The number of Americans filing claims for jobless benefits unexpectedly dropped last week, and the average over the past month fell to the lowest level since before the last recession, showing employers have enough confidence in the economic outlook to hold onto workers.
Applications for unemployment insurance payments decreased by 4,000 to 323,000 in the week ended May 4, the fewest since January 2008, Labor Department figures showed today. The four-week average declined to 336,750, the lowest since November 2007, the month before the start of the worst economic slump since the Great Depression.
Fewer firings may be a harbinger of further labor-market gains that will help put more of the 11.7 million unemployed Americans back to work. Another report showed consumer sentiment last week held around the highest level in five years as more households said it was a good time to shop for needed goods and services.
“There is only so much companies can cut layoffs before they have to start thinking about adding to headcounts,” said Guy Berger, an economist at RBS Securities Inc. in Stamford, Connecticut, who projected claims would drop to 325,000 last week, the lowest forecast in the Bloomberg survey. “The longer this continues, the more likely companies will have to add to headcounts.”
Stocks fell, following five successive records for the Standard & Poor’s 500 Index, as investors weighed earnings results from Monster Beverage Corp. to News Corp. The S&P 500 dropped 0.4 percent to 1,626.67 at the close in New York. Yesterday’s all-time closing high was 1,632.69.
Globally, central banks are cutting interest rates to spur growth. The Bank of Korea today followed the lead of policy makers in Australia, Europe and India this month in reducing borrowing costs as strength in the won and weakness in the yen dimmed the outlook for the nation’s exports.
The Bloomberg Consumer Comfort Index fell to minus 29.5 in the week ended May 5 from minus 28.9 in the prior period, which was the strongest reading since January 2008, other figures showed today. Nonetheless, households were the most upbeat about shopping since November 2007, with the buying-conditions index improving to minus 31.5 from minus 32.5.
Americans may be feeling more comfortable about spending as employers retain staff. Concern over a slowdown in growth this quarter may have curbed hiring in March and April as federal budget cuts took effect.
Payrolls expanded by 165,000 workers last month following a 138,000 gain in March, the Labor Department reported on May 3. They rose by 236,500 a month on average from November through February.
Updated Labor Department estimates eased concern about the severity of the slowdown. Revisions added a total of 114,000 jobs to the tally in February and March. The unemployment rate also unexpectedly fell to a four-year low of 7.5 percent.
Federal Reserve Bank of Chicago President Charles Evans today said the labor market is “doing better” thanks to record policy stimulus, adding that he wants to see employment gains continue through the middle of the year.
“I’d like to have confidence that we can sustain that improvement in the labor market through the summer,” Evans said, speaking in an interview with Michael McKee on Bloomberg Television.
Evans reiterated today that he’s looking for monthly job growth at the pace of at least 200,000 for six months.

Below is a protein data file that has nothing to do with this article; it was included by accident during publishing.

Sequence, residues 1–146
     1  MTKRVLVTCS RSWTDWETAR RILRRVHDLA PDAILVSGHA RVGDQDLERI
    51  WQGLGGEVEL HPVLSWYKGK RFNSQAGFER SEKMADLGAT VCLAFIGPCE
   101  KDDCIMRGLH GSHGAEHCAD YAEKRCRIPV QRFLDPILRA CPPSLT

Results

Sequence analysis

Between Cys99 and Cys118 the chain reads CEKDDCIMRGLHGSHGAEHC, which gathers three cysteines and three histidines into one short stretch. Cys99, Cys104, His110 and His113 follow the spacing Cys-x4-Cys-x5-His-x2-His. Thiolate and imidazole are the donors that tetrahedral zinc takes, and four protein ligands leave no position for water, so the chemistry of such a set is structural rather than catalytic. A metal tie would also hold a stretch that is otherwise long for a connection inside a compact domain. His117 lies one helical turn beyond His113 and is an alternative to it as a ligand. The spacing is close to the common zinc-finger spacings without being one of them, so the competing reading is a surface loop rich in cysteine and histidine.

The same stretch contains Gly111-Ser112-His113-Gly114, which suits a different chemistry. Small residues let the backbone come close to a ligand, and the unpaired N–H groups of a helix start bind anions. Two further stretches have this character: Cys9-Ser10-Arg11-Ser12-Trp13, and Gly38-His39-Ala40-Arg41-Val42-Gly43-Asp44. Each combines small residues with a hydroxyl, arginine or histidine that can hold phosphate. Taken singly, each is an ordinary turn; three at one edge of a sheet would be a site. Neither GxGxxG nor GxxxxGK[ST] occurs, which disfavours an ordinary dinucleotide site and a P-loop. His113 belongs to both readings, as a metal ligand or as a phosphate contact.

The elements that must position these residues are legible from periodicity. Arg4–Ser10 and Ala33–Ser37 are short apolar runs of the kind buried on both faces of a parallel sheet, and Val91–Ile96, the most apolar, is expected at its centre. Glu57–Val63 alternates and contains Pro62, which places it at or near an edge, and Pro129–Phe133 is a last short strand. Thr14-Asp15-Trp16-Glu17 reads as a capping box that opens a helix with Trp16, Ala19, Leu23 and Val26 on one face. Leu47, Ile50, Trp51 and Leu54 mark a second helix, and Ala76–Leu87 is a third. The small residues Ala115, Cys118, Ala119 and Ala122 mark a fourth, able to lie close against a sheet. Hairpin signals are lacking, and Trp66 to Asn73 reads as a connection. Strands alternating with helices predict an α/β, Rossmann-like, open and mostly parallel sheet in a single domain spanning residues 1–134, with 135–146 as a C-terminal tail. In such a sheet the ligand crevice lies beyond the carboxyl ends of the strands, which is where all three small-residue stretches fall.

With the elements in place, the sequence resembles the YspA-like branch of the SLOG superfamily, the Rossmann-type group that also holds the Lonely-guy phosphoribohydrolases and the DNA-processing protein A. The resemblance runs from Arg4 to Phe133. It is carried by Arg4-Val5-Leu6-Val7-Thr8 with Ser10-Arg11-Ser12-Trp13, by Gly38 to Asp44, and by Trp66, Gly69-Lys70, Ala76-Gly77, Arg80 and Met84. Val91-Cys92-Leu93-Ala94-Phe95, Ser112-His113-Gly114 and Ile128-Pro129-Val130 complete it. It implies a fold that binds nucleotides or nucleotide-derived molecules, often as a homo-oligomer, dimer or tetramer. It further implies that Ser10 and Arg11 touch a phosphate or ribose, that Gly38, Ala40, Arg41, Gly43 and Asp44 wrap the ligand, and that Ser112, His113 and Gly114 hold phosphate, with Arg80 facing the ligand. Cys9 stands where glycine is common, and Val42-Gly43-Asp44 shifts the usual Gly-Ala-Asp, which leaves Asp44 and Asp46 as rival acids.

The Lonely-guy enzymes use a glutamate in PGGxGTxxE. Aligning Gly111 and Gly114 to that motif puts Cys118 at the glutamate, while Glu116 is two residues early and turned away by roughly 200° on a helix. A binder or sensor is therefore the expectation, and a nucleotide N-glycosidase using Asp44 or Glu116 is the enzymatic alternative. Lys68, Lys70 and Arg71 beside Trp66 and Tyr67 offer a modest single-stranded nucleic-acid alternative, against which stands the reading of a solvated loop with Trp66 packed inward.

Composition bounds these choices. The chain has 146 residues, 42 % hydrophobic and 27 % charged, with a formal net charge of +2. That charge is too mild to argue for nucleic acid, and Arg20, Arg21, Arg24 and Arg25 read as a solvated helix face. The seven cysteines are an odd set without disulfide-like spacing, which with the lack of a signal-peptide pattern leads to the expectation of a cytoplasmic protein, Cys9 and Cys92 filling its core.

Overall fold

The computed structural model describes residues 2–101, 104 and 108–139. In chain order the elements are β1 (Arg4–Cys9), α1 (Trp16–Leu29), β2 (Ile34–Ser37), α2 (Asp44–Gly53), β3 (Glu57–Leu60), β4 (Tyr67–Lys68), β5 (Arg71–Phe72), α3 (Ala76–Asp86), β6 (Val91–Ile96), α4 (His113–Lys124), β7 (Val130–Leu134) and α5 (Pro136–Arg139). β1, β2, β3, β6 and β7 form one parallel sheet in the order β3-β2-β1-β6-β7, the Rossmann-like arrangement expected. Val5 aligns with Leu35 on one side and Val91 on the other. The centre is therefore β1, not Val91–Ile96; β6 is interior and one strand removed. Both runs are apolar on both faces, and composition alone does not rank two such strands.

Fuji Heavy Industries Ltd. (7270), the maker of Subaru cars, has signaled it believes the U.S. economy is strong enough to merit expanding business. The Tokyo-based carmaker said yesterday it will invest $400 million to boost U.S. capacity by the end of 2016 as demand for vehicles rises, and it will hire 900 people for its plant Lafayette, Indiana.
The median forecast of 48 economists surveyed by Bloomberg projected the number of jobless claims would rise to 335,000 last week. Estimates ranged from 325,000 to 365,000. The prior week’s applications were revised up to 327,000 from the initially reported 324,000.
The Bloomberg consumer comfort index shows that gains in sentiment over the past month have been driven by wealthier Americans who benefit the most from higher stock and home prices. Confidence for households earning more than $50,000 a year turned positive two weeks ago for the first time since November 2007.
That may be one reason why companies such as Whole Foods Market Inc. (WFMI), the largest natural-goods grocer in the U.S., are showing better results. The Austin, Texas-based retailer yesterday boosted its forecast for earnings this year as second-quarter profit climbed 20 percent and plans to triple its U.S. store count to about 1,000.
At the same time, the lagged effect of higher taxes is hurting the pocketbooks of those at the lower end of the income scale, one reason why it may be difficult for confidence to improve much more without bigger gains employment.
“Upper-income earners feel more comfortable about their finances,” said Joseph Brusuelas, a senior economist at Bloomberg LP in New York. “Middle- and lower-wage earners are facing difficulty adjusting” to smaller paychecks, so “consumer spending will grow at a modest pace.”
Two of the three components of the comfort index declined last week. The gauge assessing Americans’ views on the current state of the economy fell to minus 57.8 from minus 57.2. The index measuring consumers’ views on their personal finances dropped to 0.8 from 3. Nineteen percent of survey respondents rated finances as poor, the biggest share in seven months.
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